Some studies (for example Remote Testing versus Lab Testing) have revealed that the number of key usability findings was higher using remote usability testing rather than usability laboratory testing.
Benefits and limitations
The obvious and greatest advantage of this methodology is that remote usability testing makes accessible to usability experts a large pool of participants geographically and culturally heterogeneous. Additionally this technique:
* reduces usability testing costs because all travel expenses both for usability experts and for participants are eliminated;
* makes usability tests more real because they are conducted in a familiar environment for the user and avoid in such manner all anxiety led by the facilitator next to them and by observers sitting outside;
* permits a strategic participant recruiting because hard to reach users can be hired without excessive effort;
* increases the parallelism of usability tests because two or more usability experts can conduct the same test in the same time with different participants;
* reduces time needed to perform usability evaluation because recruiting, environment setup and test execution can be done with less effort;
These advantages make remote usability testing more appealing than traditional usability evaluation, but there are some disadvantages that have to be considered before choosing between one of those two techniques. In fact, in comparison with classic methods, remote usability testing:
* can bring security and performance issues due to the nature of remote connections. Bandwidth and guaranteed uptime are key factors for this methodology;
* has a limited visual feedback because usability experts cannot take into consideration nonverbal cues and reactions;
* makes it more difficult to build relationships and trust with facilitators;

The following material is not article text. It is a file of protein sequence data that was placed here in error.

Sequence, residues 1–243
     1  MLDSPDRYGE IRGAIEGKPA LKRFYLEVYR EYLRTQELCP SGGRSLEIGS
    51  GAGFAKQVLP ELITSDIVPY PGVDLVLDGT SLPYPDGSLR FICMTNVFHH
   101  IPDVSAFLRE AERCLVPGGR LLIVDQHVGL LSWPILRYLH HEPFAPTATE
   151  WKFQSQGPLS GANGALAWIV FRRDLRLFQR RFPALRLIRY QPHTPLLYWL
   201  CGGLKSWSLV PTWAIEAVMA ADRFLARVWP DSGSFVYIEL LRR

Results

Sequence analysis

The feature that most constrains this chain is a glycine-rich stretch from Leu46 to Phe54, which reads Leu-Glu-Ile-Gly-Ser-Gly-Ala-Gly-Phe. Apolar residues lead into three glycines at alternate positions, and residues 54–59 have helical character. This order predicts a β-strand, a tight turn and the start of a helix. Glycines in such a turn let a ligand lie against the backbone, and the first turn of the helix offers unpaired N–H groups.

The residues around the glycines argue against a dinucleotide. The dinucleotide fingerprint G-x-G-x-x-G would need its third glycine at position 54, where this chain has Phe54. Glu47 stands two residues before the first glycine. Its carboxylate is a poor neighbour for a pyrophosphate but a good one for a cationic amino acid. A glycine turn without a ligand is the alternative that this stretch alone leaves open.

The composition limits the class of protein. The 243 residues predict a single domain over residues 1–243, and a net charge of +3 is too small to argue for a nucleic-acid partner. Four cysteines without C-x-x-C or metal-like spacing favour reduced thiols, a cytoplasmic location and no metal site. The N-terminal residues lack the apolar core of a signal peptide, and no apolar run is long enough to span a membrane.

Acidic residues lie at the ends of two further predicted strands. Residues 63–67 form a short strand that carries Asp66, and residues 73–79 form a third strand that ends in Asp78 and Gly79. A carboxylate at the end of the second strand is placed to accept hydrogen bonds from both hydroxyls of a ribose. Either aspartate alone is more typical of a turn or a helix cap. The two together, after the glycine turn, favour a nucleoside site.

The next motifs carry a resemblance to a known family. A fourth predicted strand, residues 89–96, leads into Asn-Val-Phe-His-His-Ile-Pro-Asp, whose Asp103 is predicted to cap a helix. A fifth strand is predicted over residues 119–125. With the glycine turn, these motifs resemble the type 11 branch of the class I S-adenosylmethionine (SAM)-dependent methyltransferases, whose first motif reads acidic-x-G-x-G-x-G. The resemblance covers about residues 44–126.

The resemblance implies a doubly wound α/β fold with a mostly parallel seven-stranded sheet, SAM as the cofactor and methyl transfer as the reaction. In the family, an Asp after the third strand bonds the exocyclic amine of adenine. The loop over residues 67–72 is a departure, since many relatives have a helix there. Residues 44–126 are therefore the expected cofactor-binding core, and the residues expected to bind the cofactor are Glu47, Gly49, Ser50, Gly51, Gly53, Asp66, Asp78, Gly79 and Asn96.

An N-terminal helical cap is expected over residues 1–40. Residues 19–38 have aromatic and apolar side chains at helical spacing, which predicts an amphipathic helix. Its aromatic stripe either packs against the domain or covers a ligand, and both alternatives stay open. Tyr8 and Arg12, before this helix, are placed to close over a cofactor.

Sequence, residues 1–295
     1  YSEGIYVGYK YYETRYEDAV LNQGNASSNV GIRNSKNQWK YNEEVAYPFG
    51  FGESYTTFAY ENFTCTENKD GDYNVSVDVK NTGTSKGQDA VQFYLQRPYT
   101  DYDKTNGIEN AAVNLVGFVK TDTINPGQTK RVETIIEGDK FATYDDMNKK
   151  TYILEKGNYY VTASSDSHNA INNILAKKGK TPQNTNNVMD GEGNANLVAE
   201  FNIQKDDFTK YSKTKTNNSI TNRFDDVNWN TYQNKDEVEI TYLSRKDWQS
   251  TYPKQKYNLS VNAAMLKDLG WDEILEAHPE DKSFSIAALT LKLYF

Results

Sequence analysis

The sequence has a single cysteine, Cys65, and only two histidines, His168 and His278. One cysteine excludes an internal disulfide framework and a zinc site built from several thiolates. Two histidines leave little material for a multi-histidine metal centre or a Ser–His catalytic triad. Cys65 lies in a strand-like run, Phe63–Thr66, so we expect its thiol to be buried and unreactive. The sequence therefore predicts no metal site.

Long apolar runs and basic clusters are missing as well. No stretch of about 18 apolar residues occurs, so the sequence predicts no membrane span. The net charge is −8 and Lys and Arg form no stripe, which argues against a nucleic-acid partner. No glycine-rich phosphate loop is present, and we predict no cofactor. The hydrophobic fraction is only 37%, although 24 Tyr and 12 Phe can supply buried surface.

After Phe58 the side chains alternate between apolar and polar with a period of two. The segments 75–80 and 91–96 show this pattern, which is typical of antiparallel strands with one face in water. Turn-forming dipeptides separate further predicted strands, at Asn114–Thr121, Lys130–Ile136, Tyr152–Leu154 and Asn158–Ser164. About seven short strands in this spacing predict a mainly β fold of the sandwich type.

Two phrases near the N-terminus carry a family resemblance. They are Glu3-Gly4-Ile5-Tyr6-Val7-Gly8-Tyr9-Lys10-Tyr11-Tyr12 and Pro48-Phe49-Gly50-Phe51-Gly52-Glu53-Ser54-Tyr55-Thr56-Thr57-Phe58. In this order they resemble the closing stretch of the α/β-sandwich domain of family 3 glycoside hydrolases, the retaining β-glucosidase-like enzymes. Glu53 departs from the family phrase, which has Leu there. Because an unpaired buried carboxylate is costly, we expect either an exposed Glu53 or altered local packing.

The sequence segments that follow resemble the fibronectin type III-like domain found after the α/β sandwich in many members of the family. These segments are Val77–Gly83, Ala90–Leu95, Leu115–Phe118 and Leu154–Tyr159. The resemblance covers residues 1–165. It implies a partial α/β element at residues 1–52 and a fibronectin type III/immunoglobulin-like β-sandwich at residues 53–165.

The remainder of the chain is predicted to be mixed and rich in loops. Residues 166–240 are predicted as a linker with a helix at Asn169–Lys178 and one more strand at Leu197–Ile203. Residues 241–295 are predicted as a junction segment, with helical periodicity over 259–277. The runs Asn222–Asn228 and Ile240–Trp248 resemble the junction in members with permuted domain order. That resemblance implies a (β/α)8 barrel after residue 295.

* can be difficult to use for participants. In fact screen sharing tools and remote control software need to be set up prior to the session and users can encounter problems getting the tool to work correctly. Moreover the facilitator can find problems trying to troubleshoot software behavior;
Choosing the right technique
Remote usability testing is ideal for:
* web applications;
* e-commerce web sites;
* informational web sites;
* projects with a low budget for usability testing
Usability testing conducted in a laboratory is suitable for:
* resources that cannot be reached online (cruise controls, cars dashboards, ...);
* web sites depending on particular devices (accessibility devices, handheld, ...);
* highly secure client/server application;
* projects where physical user observation is needed;
* long test sessions
Source: Remote usability testing
More details: Interno Tredici
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About the Author:
Menghini Calderon Fabrizio Antonio is an IT engineer that actually works in a web agency located in Rome, Italy, where is responsible of usability, human factors and information architecture and also is in charge of developing web sites and web applications using CSS, XHTML and PHP.
To find more about Fabrizio visit Interno Tredici.